He dodged the reporter's question saying, "Well, obviously I'd like to win all of Colorado's electoral votes. But I've always believed that those electoral votes belong to each state and it's up to each state to decide what they're going to do with them."

    Edwards From Bayonne to Scranton And Back To The Midwest: Senator John Edwards holds a town hall meeting in Scranton, Pa., focusing on the President's "wrong choices," before heading to Michigan for a pair of fundraisers. In the evening, the senator will watch his running mate debate President Bush from his Southfield, Mich., hotel. CBS News' Bonney Kapp reports:

    Trail Byte: "Which one's Cheney?" Jack Edwards whispered into his father's ear onstage following the vice presidential debate. This according to the senator, who revealed the anecdote on both "Live with Regis and Kelly" and "The View" on Thursday morning. Edwards reached out to the nationwide audience consisting mostly of women voters, even getting a chance to mention health care before appearing split screen with a photo of Tom Cruise (whom co-host Kelly Ripa suggested would play the candidate in a hypothetical movie).

    Edwards was joined on "The View" by his wife Elizabeth, who recounted telling Vice President Cheney after Tuesday's debate that he actually had met her husband before. A spokeswoman for the VP said as late as Wednesday that Cheney had no recollection of the 2001 encounter, but Mrs. Edwards quoted his response to her reminder onstage after the debate as, "Oh yeah."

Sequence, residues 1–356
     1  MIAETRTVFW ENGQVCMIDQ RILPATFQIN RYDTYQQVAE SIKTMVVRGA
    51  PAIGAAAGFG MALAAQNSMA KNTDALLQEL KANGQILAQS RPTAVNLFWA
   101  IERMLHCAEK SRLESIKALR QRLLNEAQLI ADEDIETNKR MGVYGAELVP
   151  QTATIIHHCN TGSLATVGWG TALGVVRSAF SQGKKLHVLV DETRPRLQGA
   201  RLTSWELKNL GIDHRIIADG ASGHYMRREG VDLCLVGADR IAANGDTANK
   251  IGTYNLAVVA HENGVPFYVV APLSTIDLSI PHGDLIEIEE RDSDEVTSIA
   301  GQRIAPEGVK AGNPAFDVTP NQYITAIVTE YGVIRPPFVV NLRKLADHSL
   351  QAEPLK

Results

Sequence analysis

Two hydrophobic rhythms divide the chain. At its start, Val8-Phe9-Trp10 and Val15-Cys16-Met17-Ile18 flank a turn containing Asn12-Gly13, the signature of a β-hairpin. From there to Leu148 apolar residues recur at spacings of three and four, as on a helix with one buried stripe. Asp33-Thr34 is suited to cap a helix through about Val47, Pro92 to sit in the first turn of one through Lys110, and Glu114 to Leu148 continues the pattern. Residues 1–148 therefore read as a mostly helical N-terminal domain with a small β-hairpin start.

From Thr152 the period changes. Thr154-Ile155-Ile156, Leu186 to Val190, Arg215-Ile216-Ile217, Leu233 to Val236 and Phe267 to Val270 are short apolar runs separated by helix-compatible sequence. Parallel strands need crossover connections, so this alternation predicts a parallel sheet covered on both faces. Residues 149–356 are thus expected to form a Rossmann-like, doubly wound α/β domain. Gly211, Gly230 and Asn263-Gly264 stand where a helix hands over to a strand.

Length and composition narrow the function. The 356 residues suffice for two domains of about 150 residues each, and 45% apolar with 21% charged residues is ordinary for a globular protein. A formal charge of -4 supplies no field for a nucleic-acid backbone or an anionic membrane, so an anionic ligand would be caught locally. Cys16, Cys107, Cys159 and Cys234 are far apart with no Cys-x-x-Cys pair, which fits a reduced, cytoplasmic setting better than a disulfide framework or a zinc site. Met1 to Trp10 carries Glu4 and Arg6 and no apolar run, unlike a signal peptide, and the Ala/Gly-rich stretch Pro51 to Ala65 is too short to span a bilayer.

After discussing cologne on television (he doesn't wear any), Edwards switched gears and headed across the river to New Jersey, which the campaign maintains is not a battleground state. Red, blue, or shades in between, the candidate made his second trip to the state in two weeks, holding a town hall meeting in Bayonne.

    Edwards accepted the endorsement of five family members of victims of 9/11 at a cargo port just miles from where the World Trade Center once stood — the 115th such family members to sign on with the Democratic ticket. The Bush-Cheney campaign quickly sent out an e-mail reminding reporters that "it is important to report that President Bush has been endorsed by over 130 9/11 families."

    While Edwards spoke out strongly against the administration's record in Iraq and the war on terror, it may not have made the evening news broadcasts because his running mate held a press availability covering many of the same topics.

    Edwards reacted to his Republican counterpart's interpretation of the Duelfer report concluding there were never WMDs in Iraq, saying the VP used "convoluted logic" to use the report to justify their foreign policy decisions. He continued, "They are willing to say left is right, up is down. Here's the truth: the vice president, Dick Cheney, and the president, George W. Bush, need to recognize that the earth is actually round, that the sun rises in the east."

    Looking ahead to Friday's Kerry-Bush rematch, Edwards said the president has a "high bar" to meet. "Call me old fashioned, but I believe the President of the United States, in order to perform well in a debate, needs to do more than not screw up his face and needs to do more than be able to string a sentence together. He needs to come clean with the American people, he needs to level with this country," he said to cheers from an audience in agreement.

    Edwards demonstrated his political prowess during the town hall's Q&A, when a questioner asked if the president authorized an airplane to take bin Laden family members out of the country on Sept. 11, as claimed by Michael Moore in his controversial film, "Fahrenheit 9/11."

    "Is that true and if it is true, what was he thinking?" the woman asked. "I can't tell you what he was thinking," Edwards responded before citing the president's ties to the Saudi royal family and avoiding the question.

    Edwards spent his second night in the Garden State since becoming the Democratic candidate for vice president after he pulled in $750,000 at an evening fundraiser.

    Quote of the Day: "Sniveling Coward" — Ralph Nader's characterization of John Edwards in Tuesday's debate. In the spring, Nader urged Kerry to choose Edwards as his running mate. (AP)